Recommended Age, Grade, and Reading Levels
- Age: 7 to 11
- Grade: 4
Canada's most remarkable historic treasures and events. What happened at Head-Smashed-In Buffalo Jump and how did it get its name? Where could you find oranges growing in Nova Scotia in the early 1800s? Digging Canadian History answers these questions and many more, revealing many astonishing facts and events from Canada's past. From a sunken steamboat to the discovery of a frozen man, this cross-country investigation visits every province and territory, stopping at places such as Red Bay, Labrador, and the Fall Caribou Crossing in Nunavut. Also included is a trivia collection of odd facts plus a resource guide on how to find further information. This engaging book demonstrates that Canada has a remarkable story to tell and it encourages children to discover more about the country's past. In fact, Canadian history can be so much fun that kids will ask for more.
About the author
Digging Canadian HistoryHow did Head-Smashed-In Buffalo Jump get its name? Did you know that whale ribs were used to build houses in the Canadian Arctic? Or that 95% of the Haida population was wiped out by diseases brought by Europeans? This book explores some of Canada’s unique historic events and treasures. The book begins with an explanation about who studies history (archeologists and anthropologists) and how they do it. A map of Canada pinpoints the places investigated in this book. From L’Anse aux Meadows in Newfoundland to Skung Gwaii in BC’s Queen Charlotte Islands, Kuukpak in the Arctic to Draper Site in southern Ontario, twenty-one sites are visited. Sidebars include interesting facts. Includes suggested websites.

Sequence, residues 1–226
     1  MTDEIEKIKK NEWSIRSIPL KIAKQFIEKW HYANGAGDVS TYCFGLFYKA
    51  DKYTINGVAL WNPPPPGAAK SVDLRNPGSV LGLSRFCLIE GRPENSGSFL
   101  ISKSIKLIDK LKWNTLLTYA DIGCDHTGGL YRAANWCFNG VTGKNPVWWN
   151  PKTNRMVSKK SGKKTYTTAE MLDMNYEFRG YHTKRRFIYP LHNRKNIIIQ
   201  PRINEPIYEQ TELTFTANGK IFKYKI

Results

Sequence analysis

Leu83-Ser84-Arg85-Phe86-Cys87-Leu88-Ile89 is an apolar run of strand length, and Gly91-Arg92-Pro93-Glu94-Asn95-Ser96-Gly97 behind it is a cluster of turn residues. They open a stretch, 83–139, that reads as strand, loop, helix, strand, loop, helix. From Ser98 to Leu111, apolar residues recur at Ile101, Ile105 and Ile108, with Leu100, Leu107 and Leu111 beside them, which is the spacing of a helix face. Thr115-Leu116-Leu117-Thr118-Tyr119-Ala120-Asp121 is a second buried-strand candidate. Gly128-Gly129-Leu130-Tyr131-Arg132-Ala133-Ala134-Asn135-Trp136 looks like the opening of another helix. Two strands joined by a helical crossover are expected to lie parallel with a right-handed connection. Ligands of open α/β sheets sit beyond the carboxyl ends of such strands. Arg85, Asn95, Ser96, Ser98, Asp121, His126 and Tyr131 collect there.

Rebecca L. Grambo is also the author of Lupé: A Wolf Pup’s First Year, winner of the 2004 Science in Society Children’s Book Award.
Source: The Association of Book Publishers of BC. BC Books for BC Schools. 2006-2007.
Digging Canadian HistoryLet’s go back in time and unearth some historic sites, from Herschel Island and the Dawson Historical Complex in the northern Yukon to Louisbourg and L’Anse aux Meadows on the east coast. The book approaches these places as an archaeologist would, examining evidence from bygone times and describing how people would have lived there. We learn of a very old burial site on the coast of Labrador, L’Anse Amour that tells of people with sophisticated hunting skills and burial rituals. The Uniacke Estate, near Halifax, is a hothouse from the early nineteenth century that is open to visitors today. Some places, like Province House, PEI and Head- Smashed-In Buffalo Jump in Alberta, are popular tourist destinations. Others, like Kuukpak in the Northwest Territories and the Caribou Crossing in Nunavut, are a little off the beaten track and unknown to most adults and children.
There is a photograph or drawing of each place, some showing archaeologists at work. I would have liked more pictures, if only to get a better sense of the geography. The book includes an index and a list of websites for each of the sites. Each historic site is shown on a two-page map of Canada; unfortunately, the two Ontario sites are mixed up on the map. Apart from this error, the book provides a good introduction to some well-known and some lesser known places of Canadian history.
Source: The Canadian Children's Bookcentre. Fall 2006. Vol.29 No. 4.
Digging Canadian HistoryWhat is a ha-ha? How did Head- Smashed-In Buffalo Jump get its name? Grambo’s cross-country investigation chronicles some of Canada’s coolest historic treasures and events.
Source: The Canadian Children’s Book Centre. Canadian Children’s Book News. 2007.